So, as mentioned in Michael Gerber’s popular business book, The E-Myth Revisited: Why Most Small Businesses Don’t Work and What to Do About It, you have an “entrepreneur seizure” one day probably after a frustrating day at work and decide you want to start your own business and be your own boss. Additionally, you decide the join forces with a partner and begin your journey to prosperity and fortune.
Not too fast though. Before you proceed any further into the partnership creation, there are steps and documentation you should have in place to plan for any unforeseen negative scenario. I’m not saying that you need to look forward to it or have it as your objective, but to plan for it in the event it happens.
Disclaimer here: I am not a lawyer but I did interview one for my podcast, SafeguardingYourBusiness, episode 2, with Glenn Solomon of Offit | Kurman, and he recommended the below steps.
If there’s more than one owner, the recommendation is that a partnership agreement be prepared and signed. Oftentimes, a new company decides not to do that because of the legal expense involved, because you are usually busy getting the new company started up with marketing efforts, hiring employees, buying equipment, and the other things that are needed.
Most of us just don’t want to spend the time on what we perceive at the outset as not necessary. Unfortunately, what happens often is you do not have a partnership agreement at the beginning and things are good. However, then there’s a dispute years later and with no agreement in place to resolve it, all too often the partners end up in litigation. To avoid that, partners should enter into a partnership agreement at the beginning.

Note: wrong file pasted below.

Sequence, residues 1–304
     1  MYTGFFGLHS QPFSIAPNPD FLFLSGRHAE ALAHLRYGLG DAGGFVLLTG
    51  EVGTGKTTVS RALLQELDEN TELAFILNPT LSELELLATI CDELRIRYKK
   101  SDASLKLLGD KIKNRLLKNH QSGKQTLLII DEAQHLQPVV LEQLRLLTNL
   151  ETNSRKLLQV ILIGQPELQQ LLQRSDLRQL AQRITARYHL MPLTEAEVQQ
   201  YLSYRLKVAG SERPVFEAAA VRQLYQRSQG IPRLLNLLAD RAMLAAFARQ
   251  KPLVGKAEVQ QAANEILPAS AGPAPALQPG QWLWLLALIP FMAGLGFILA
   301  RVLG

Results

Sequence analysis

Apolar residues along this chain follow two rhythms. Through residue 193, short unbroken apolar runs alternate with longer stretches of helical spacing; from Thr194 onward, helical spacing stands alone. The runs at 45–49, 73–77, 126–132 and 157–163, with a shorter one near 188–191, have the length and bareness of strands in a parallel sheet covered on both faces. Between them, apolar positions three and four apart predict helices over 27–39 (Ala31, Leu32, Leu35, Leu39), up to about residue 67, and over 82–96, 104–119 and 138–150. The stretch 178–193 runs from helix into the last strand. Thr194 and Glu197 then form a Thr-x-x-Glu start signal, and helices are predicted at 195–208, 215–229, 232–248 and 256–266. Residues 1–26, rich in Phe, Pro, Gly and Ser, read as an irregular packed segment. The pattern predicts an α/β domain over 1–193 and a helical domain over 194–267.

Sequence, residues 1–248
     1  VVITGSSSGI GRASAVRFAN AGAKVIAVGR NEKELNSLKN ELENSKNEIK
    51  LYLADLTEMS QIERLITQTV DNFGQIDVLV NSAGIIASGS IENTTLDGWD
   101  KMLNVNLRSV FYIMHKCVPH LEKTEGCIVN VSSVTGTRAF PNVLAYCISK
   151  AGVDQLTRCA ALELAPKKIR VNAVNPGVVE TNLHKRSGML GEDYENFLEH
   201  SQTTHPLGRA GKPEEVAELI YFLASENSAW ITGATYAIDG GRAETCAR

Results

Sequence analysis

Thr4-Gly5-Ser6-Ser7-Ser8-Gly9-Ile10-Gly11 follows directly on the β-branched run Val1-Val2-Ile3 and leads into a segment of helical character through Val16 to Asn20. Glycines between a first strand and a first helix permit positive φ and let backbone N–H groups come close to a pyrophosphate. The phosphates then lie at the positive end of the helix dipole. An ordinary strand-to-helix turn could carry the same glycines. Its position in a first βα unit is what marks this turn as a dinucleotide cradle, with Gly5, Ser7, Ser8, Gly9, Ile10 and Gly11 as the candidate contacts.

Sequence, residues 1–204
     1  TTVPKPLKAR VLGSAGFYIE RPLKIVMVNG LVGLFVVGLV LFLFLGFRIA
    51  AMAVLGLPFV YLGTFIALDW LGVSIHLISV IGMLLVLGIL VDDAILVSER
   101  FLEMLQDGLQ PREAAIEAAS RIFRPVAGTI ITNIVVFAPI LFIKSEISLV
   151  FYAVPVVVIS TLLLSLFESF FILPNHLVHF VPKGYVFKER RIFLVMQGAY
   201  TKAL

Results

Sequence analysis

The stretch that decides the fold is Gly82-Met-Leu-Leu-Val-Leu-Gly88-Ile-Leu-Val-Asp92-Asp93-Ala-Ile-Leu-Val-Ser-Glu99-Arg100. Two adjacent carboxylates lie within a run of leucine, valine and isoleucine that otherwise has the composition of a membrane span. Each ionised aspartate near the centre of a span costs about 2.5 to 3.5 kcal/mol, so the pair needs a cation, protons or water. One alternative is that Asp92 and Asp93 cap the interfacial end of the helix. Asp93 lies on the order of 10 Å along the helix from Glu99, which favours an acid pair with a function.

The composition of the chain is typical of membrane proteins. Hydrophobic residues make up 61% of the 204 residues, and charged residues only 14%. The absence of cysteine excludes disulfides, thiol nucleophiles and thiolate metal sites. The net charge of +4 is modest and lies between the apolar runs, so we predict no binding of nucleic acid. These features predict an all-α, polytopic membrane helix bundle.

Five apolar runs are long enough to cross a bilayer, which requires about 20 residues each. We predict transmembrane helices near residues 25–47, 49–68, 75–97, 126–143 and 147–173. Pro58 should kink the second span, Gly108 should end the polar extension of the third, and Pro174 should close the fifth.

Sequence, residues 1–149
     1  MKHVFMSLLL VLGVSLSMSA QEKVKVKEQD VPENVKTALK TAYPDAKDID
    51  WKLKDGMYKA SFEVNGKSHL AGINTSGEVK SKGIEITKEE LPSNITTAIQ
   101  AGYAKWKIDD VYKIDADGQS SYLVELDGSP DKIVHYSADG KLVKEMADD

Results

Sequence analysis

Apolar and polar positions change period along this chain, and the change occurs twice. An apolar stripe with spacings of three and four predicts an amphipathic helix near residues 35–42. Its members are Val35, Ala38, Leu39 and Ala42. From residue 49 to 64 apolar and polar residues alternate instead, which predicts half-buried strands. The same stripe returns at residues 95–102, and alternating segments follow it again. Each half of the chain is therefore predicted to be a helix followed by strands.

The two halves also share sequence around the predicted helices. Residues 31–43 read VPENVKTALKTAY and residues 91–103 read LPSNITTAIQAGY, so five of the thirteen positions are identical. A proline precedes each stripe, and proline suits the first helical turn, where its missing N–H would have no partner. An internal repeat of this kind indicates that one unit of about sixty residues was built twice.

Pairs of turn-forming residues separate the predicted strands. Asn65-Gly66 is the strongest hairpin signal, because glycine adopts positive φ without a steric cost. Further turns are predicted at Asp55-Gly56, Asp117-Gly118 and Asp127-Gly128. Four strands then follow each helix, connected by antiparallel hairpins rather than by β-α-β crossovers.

Teamwork is a good thing. We can learn from the animal kingdom!
3 Essential Clauses Every Business Partnership Agreement Should Have
With a corporation, it’s called a stockholder’s agreement or a buy-sell agreement. With a LLC, they call it an operating agreement. But the purposes of the agreement are the same and should include, at a minimum, the following:
(1) How the company is going to be managed?
(2) How the money is going to be handled, how cash will be distributed?
(3) What happens upon the occurrence of some event to one of the owners? Specifically, what happens if an owner dies, becomes disabled, retires, or the employment of that owner is terminated?
It’s very easy to set forth in writing what happens under all those events. If you have that in writing and something happens later, all you do is pull out your agreement, and what happens will be dictated by it.
As a worst-case scenario, if you have to deal with partnership resolution and have the agreement, then you have your resolution already built in.